Of dinosaurs and dancing elephants 4: Share more to learn more and feel the force
Part four of a four part article on breaking through to better business performance
by Chris Marston, chief executive of LawNet
As we face up to economic and political turmoil and change, all of which will directly impact our businesses in the months ahead, what can we learn from the experts: how should we drive leadership in this complex world?
This is the final article in our series, reflecting on the leading-edge thinking outlined by the keynote speakers at our annual conference.
Concepts alone are of little practical use; we needed practical ways for our members to take action within their firms. So, each speaker drilled down to demonstrate how we could truly embrace their ideas to build organisational resilience, nurture talent and high-performing teams, and so make the breakthrough to better business performance.
STEP THREE: ENERGY IS EVERYTHING AND BY SHARING MORE WE CAN LEARN MORE
Step Two encouraged us to bring the mavericks on board. And step three brings us to another Maverick – the role embodied by Tom Cruise in the Top Gun films. For our speaker Sophie Devonshire, chief executive of the Marketing Society, it’s the pilot not the plane that counts. ‘Maverick’ the pilot has personal abilities which enable him to achieve performance levels on the flightdeck that are way beyond those of his peers. In the same way, the success of a firm lies in the agility and energy of its leaders, and the pace they set for those around them.
Sophie argues that as the world speeds up, so leaders must set a pace that ensures they and their teams thrive and are not left behind. But this is not wholly about speed, as rushing around without clear direction can be negative. Rather than going nowhere fast, a laser focus on the destination, coupled with an accelerated route is what makes the difference.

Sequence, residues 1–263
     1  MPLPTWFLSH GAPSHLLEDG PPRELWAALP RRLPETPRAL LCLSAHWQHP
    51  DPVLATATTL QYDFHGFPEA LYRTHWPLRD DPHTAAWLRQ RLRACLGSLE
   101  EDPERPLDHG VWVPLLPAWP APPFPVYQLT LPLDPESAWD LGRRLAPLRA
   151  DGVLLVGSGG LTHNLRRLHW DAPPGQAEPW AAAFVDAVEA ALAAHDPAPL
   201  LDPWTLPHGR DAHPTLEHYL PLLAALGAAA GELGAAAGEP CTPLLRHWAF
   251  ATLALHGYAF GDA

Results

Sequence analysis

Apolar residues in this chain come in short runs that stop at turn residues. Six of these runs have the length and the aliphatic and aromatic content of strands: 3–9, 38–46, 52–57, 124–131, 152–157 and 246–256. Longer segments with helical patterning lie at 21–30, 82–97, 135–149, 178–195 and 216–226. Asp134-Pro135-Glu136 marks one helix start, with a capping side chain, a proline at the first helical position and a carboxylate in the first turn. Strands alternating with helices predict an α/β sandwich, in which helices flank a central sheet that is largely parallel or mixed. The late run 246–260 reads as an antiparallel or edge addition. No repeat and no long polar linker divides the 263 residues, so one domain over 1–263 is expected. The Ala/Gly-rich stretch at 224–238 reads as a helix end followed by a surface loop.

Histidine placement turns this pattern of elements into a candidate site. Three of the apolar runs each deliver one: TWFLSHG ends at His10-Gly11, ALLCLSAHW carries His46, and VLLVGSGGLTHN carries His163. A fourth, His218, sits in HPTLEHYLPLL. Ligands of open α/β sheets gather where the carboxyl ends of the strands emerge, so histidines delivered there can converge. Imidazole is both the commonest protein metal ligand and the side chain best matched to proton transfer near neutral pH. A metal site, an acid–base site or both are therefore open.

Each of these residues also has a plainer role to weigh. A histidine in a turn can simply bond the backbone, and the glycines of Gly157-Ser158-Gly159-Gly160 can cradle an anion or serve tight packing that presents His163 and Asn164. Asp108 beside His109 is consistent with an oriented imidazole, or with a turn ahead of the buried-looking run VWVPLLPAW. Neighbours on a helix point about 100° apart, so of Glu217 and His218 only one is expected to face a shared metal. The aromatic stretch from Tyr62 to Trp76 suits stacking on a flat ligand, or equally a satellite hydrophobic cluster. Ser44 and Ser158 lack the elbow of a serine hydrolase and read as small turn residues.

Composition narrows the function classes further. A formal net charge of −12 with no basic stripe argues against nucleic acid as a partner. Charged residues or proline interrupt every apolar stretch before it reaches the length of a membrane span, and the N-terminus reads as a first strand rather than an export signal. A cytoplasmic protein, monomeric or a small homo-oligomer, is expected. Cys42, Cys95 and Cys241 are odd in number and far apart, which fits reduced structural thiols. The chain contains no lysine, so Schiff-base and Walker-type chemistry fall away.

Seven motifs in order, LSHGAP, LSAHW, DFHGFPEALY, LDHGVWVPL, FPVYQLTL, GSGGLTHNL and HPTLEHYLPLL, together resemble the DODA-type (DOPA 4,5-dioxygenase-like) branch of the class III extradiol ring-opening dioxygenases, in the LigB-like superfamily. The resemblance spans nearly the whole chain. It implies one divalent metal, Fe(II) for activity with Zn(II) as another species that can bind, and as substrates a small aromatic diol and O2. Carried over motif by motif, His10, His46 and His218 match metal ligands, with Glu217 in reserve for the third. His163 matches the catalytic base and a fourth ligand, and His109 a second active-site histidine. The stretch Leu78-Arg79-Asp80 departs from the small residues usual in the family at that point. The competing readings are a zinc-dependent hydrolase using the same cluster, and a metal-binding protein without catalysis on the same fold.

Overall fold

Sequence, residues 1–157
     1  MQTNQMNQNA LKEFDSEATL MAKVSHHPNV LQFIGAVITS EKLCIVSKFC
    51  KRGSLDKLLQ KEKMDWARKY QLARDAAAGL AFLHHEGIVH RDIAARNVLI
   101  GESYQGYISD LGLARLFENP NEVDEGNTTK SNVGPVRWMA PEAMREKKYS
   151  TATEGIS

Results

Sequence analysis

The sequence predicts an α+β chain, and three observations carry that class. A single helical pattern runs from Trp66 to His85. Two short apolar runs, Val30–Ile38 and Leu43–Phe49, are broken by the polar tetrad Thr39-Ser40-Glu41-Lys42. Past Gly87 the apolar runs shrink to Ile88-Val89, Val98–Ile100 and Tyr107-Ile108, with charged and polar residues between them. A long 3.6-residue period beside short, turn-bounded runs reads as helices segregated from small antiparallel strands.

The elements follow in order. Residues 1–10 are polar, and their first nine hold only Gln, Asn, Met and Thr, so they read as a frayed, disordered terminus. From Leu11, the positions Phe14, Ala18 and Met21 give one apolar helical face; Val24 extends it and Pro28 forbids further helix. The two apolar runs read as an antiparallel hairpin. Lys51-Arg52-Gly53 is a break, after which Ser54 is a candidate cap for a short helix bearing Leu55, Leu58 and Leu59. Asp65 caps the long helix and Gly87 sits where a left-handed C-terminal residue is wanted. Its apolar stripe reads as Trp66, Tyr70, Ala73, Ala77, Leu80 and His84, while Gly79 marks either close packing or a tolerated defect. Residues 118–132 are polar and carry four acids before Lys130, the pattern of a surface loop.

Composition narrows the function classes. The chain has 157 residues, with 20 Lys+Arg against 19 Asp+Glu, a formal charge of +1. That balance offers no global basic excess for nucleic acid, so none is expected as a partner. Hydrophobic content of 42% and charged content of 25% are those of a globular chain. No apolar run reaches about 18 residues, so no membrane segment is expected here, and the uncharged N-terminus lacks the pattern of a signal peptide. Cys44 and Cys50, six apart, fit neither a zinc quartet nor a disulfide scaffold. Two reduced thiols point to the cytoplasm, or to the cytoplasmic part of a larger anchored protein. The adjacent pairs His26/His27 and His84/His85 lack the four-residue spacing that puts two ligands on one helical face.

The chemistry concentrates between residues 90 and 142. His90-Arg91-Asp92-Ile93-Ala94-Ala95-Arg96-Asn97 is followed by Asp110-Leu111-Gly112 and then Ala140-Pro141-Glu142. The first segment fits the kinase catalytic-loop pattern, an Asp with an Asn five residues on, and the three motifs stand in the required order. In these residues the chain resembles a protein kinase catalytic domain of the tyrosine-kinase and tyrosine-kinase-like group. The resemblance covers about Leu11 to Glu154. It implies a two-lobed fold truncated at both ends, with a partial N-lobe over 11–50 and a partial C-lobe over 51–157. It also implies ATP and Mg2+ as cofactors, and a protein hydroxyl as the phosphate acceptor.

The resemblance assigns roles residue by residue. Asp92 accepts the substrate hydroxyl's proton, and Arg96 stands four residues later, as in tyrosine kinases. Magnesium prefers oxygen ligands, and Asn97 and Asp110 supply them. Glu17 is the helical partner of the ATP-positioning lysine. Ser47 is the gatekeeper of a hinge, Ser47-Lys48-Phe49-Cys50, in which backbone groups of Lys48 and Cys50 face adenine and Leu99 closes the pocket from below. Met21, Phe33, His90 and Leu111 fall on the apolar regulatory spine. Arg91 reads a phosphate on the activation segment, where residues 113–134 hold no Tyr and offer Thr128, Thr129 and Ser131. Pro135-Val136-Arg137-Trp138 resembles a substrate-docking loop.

“We can feel overwhelmed by how much there is to be done, the impatience of the world, the always-on nature of business,” she explains. “Energy is everything in this but doing less can sometimes be a positive. Think slowly, act fast: the important thing is to move at pace in the right direction, so focus, prioritise, and edit continually.”
And like the fabled tortoise and the hare, Sophie reckons that strategic laziness and silence may be the way to winning the race, giving the example of mega-corporation Amazon starting each board meeting by reading papers in silence for 20 minutes. Leaders in a superfast world need their brains to be clear and taking time out for silence can contribute to clarity, while looking for the quickest, shortest, fastest route, often the preserve of the so-called ‘lazy’, is generally a good thing.
Also, Devonshire argues that connections and networks have a vital role to play in stimulating performance: “Building human understanding and using every opportunity to learn and listen from others can be a great accelerator. When we share, we change things.
“There is a power in not operating alone. Just as IT networks speeds things up, so it is the same for people – networks allow you to borrow brains and be a thinking partner or a challenging critical friend, learning from the mistakes and successes of others. Together we can always achieve more.”
While Sophie may have been preaching to the converted, as LawNet members attend our conference for the very purpose of learning, connecting and sharing, it would be short-sighted not to reflect on this message. From the operational side of the network, our strategy and delivery is always under review, so that we can maximise value for our members in the dynamic future we face.
Forward motion is a given for us all: with velocity. Research undertaken by Devonshire, among the so-called unicorns and elephants, found that the one thing upon which they agree is the perceived need for speed, because no matter the sector, disruptive companies like Uber and AirBnb can change expectations for everyone.
There is no going back. But with open minds, a willingness to embrace the unexpected and to listen to new ideas, we can keep dancing.
Hear from Sophie Devonshire and LawNet members in this short video (2 mins)
A longer version of this article was previously published in Solicitors Journal
Photo: Sophie Devonshire at the 2022 LawNet conference.